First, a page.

Understanding and improving our impact on nature and biodiversity.
According to the UN, around one million animal and plant species are now threatened with extinction. On top of this, three-quarters of ice-free land and two-thirds of marine environments have been severely altered. And, according to the World Economic Forum (WEF), there are significant economic costs of this devastation, with more than 50 percent of global GDP in some way dependent upon nature. On the upside, the WEF estimates that transitioning to a nature-positive economy could create 400 million new jobs and generate US$10 trillion in annual business value.
At KPMG we understand that nature and biodiversity represent financial risk as well as opportunity, and acknowledge that these risks need to be quantified and understood. We also recognize that circular economies — economic systems aimed at eliminating waste and re-using scarce resources — are critical to our ability to minimize our impact on nature and biodiversity.
KPMG is proud to be a founding member of the Informal Working Group developing the Taskforce for Nature-related Financial Disclosures (TNFD), and to provide pro bono expertise to this taskforce from our sustainability experts in KPMG IMPACT. The objective of the TND is to create a resilient global economy in which capital supports nature and people to flourish — in line with the UNFCCC Paris Agreement and the UN SDGs.
KPMG played a central role in developing the Circular Transition Indicators (CTI) Framework, which was launched by the World Business Council for Sustainable Development at the World Economic Forum in Davos in January 2020. This marks a major step towards operationalizing circular business models, giving businesses the vital insight and guidance they need to accelerate their journey. KPMG helped roll out the framework, trained and supported implementation with numerous businesses in different sectors, and continues to develop and refine the approach.
KPMG is committed to the push to protect biodiversity and to work with, rather than against, planetary boundaries. To do this, we’re striving to gain a better understanding of our impact on nature and to improve our biodiversity performance.
Using insights from the 2020 Circular Transition Indicators (CTI) Framework, which we played a central role developing with the World Business Council for Sustainable Development, we will continue to move towards eliminating use of single-use plastics, reducing water and paper use, and reusing or recycling electronic waste. Prompted by the IBC Stakeholder Capitalism Metrics, KPMG firms have also started identifying which of our offices are either in or adjacent to key biodiversity areas, and in areas of high and extremely high water stress, to ensure we adopt best practice.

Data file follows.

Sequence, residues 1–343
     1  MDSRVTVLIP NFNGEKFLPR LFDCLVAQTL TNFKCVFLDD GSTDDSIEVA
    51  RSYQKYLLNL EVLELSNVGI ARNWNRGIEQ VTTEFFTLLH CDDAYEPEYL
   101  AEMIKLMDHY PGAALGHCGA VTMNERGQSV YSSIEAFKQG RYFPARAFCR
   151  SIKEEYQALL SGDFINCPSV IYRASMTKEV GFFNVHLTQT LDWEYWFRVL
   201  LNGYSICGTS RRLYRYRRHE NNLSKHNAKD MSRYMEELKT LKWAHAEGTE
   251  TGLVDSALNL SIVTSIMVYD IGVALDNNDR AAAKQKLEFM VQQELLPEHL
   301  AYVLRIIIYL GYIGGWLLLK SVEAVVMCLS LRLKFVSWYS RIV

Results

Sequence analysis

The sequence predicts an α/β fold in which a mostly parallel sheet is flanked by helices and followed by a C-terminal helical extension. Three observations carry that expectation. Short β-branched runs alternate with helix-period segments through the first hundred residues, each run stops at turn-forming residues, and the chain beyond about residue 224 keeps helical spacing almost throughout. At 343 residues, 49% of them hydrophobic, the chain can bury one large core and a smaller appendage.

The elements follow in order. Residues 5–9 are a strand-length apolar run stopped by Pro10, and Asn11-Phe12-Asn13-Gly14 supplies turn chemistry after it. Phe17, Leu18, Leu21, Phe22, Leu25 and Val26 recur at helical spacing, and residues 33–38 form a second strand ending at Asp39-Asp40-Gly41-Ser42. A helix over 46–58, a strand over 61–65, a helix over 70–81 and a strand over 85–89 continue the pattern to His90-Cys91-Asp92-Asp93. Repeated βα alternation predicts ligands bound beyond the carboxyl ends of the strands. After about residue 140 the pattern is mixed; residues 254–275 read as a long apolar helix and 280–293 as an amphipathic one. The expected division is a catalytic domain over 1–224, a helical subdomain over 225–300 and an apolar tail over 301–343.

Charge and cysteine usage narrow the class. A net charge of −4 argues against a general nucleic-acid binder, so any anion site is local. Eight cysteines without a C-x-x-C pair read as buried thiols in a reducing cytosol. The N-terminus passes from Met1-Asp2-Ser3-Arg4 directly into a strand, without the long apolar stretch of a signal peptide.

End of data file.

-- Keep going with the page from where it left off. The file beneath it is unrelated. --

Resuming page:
Over the next 12 months, we will further develop our approach to managing these issues and will adopt targets and metrics appropriate to our sector and our impact. While that work is underway, we will continue to ensure we build awareness of our personal and professional impact on our natural world, and encourage our people to empower change, by engaging in activities that make a lasting, positive impact on the environment.
In Malaysia, our firm plays an active part in helping to save our marine ecosystem, through the Eco Dive program. Our efforts help to monitor coral reef health, nurture younger people to become eco ambassadors, and raise public awareness about the plight of coral reef conservation.
KPMG Australia responded to the devastating 2019-2020 bushfires that ravaged the country. It established a pro bono fund to provide critical support to federal and state government, as well as raising more than US$200,000 for the Australian Red Cross. Our people also worked with local businesses, sporting organizations and other groups to boost communities affected by the fires.
KPMG firms around the world are building staff champion networks, to encourage sustainable lives at work and at home. Starting in Turkish firm, ‘Climate Warriors’ are focused on raising awareness and funds that have been used to provide permanent protection for 12,000 acres of rainforest, locking in two million tonnes of carbon — the equivalent to the average annual footprint of 400,000 people. And, two aspiring future KPMG leaders from KPMG in the US, took part in ClimateForce: Arctic 2019, an expedition to the Arctic, led by Polar explorer Robert Swan, great grandson of KPMG founder Sir William Peat. During the expedition they learned more about environmental issues such as climate change science, and have returned to KPMG as Environmental Champions, driving change in support of a more sustainable future.
Our Impact Plan represents the collective environmental, social and governance commitments of independent KPMG firms, affiliated with KPMG International Limited. The data represented in Our Impact Plan is aggregated data from KPMG firms for the 12 months to 30th September 2020 unless stated otherwise. KPMG International Limited is a private English company limited by guarantee and does not provide services to clients. Throughout this webpage, “we”, “KPMG”, “us” and “our” refers to the global organization or to one or more of the member firms of KPMG International Limited (“KPMG International”), each of which is a separate legal entity. KPMG International Limited is a private English company limited by guarantee and does not provide services to clients. Member firms of the KPMG network of independent firms are affiliated with KPMG International. No member firm has any authority to obligate or bind KPMG International or any other member firm vis-à-vis third parties, nor does KPMG International have any such authority to obligate or bind any member firm.